My little affairs with women are so remote from home. Sometimes I see the moonlight making the ground shine and I think of being with a girl. Then I realize I wouldn’t be looking at the ground and I wouldn’t be thinking about the beauty of the night but trying to keep my arm around her and talking rubbish to her.

  • 7-8 December 1984

The Game of the Blows

The Game of the Blows

Since you cannot do good to all, you are to pay special attention to those who, by the accidents of time, or place, or circumstances, are brought into closer connection with you.

The greatest evil is physical pain.

  • St. Augustine of Hippo

In September 1978, at the age of fourteen, I sat in the first science class of a new school year. A vaguely hysterical priest was leaning against the back wall at the end of an aisle between rows of desks. Father McCarthy was new to us. The class was settling down and another boy was sent up to wipe the blackboard. It was then that I, at a back desk on that aisle, unwisely made a routine slurping sound.

A glass lens bounced off the top of the wooden desk and broke on the tiled floor. There was a stinging cut just under my right eye. Head ringing, I looked up and back in amazement. Through the empty frame on the right, I saw the cleric swaying, with his fists clenched. His mouth was hanging open. Anybody else want some, huh? Instruction began in a pin-drop silence after that. Shocked to the core after the blindside punch, I couldn’t suppress an occasional sob while he wrote furiously on the blackboard.

As I cycled home after school, this demented cleric passed in a hurry in a purple car. He was in the kitchen, all apologies to the mother when the wounded party got in. He was offering to pay for the damage to the glasses. It later transpired, of course, that he’d already told her there had been provocation, without specifying what it had been.

The blind-side fist wasn’t the limit of his arsenal by any means. Some of his science classes were held in the Physics Lab, a large classroom with long benches and some dusty bottles, tubes and burners. I was away in another world there one morning – perhaps still thinking of the cowardly, if maniacal, punch in the eye but more likely not – when called up to the front. The priest was winding a gadget with a metal spike rising out of it. The spike had a little ball on top. He told his pupil to touch the ball.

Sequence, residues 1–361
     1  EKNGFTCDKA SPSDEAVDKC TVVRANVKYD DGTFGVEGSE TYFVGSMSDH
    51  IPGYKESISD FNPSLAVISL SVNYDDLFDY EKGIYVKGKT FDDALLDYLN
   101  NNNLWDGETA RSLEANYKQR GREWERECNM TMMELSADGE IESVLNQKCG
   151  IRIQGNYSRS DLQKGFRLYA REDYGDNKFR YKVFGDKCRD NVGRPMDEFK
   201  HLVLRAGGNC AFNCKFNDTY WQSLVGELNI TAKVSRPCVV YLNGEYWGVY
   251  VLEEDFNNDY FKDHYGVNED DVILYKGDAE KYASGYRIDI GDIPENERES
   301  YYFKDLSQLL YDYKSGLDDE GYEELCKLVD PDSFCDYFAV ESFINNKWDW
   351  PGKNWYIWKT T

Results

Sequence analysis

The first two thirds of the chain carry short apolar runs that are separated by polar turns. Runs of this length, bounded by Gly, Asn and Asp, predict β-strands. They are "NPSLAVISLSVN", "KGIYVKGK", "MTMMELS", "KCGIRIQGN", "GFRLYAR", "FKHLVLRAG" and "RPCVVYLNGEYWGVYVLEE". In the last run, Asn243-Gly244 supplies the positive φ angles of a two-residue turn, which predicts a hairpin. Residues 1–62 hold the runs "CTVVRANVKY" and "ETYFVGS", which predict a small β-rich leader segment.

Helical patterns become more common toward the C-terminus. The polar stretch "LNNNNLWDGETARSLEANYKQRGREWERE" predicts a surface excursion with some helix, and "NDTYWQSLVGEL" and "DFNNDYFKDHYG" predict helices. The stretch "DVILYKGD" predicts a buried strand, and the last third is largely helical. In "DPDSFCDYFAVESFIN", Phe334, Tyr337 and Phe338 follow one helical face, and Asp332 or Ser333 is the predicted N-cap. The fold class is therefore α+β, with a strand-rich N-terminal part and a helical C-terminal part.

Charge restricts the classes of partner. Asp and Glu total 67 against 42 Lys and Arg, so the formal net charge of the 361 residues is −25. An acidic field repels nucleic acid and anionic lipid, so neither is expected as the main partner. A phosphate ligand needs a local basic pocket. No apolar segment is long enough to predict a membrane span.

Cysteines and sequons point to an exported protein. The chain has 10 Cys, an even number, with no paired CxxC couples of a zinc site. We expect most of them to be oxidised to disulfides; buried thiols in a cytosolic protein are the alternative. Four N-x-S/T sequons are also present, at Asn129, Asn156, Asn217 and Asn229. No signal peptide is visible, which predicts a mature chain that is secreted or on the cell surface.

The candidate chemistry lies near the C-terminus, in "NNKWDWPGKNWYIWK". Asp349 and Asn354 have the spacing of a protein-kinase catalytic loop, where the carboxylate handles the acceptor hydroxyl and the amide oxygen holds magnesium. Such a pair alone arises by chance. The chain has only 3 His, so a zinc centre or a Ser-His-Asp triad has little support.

My arm took flight. The class exploded with laughter but then the chuckling padre turned to the others and said they were all going to get the shock treatment. He made them all troop up to the dynamo, one by one, and put their hands on the ball. Some hesitated but all endured this insane ritual. Back in his seat, as the pain lessened, the first victim watched the stream of grimacing boys returning to the benches, holding their sore shoulders with their good arms.

On another occasion Fr. Frankenstein manufactured some chlorine gas and passed around a canister so everyone could have a sniff. That day I was watching warily and took care not to inhale anything when the canister was passed to the back bench. Farther along that bench, though, it was a comrade’s turn to be oblivious. When it reached him, he mindlessly inhaled a gulp and put the canister away from him with a jolt. He started coughing and spluttering. His eyes were streaming. Jesus, what the f*ck is that? Welcome to the trenches.

Another sporadically violent one also hailed from West Cork. The school had a games rule that one team per match, in whichever sport, had to wear red, to assist the referees. Having to play hurling one icy day in January, I came out of the changing rooms wearing a red windcheater over a jersey. Then it transpired we were not red so the windcheater had to be taken off and left behind a goal. On a day like that, no one normal could even contemplate the thought of getting a lash of a hurley across the legs so I stood around, prodding the frozen ground with mine.

Eventually I went behind the goal to retrieve the windcheater but as I wandered back out the field the treacherous ball of course came my way. It didn’t matter which way I hit it, I was found out. Father Whelton stopped the game with a blast of his whistle and charged over like a bull, inflicting a heavy slap or two across my face for his trouble.

That was mild compared with an earlier experience with him. When I was thirteen, the avuncular pipe-smoker ran amok in Latin class but this episode was wholly premeditated. The crime was the chalk mark of a duster that he’d found on the back of his black habit. It was obvious he meant business at the start of the next class because he produced “Excalibur”, a terrible instrument consisting of several long strips of unbending thick leather, roughly sewn together. He said everyone was going to get two on each hand unless the person responsible for the chalk stigma owned up.

The culprit was too scared so it began with the boys in the front desks. It was clear this was going to be a mass execution. It took two or three innocents to get it before shame prompted the suicidal courage to own up and spare the rest. Then I got two on each hand and several on the legs and arse. Something more than sobbing resulted from that hiding. I think he doled out ten lashes in total, practically everywhere except the head.

Corporal punishment was outlawed shortly after I left school in 1982 but, even before that, there had been a despicable, prudent and of course unofficial school policy not to attempt to hit anyone aged sixteen or more. Otherwise the brutality of the time meant the smaller lads remained ‘natural’ punch bags and whipping boys to those holy terrors who were into savage punishment for trivial offences, whether out of sudden inspiration or cold calculation.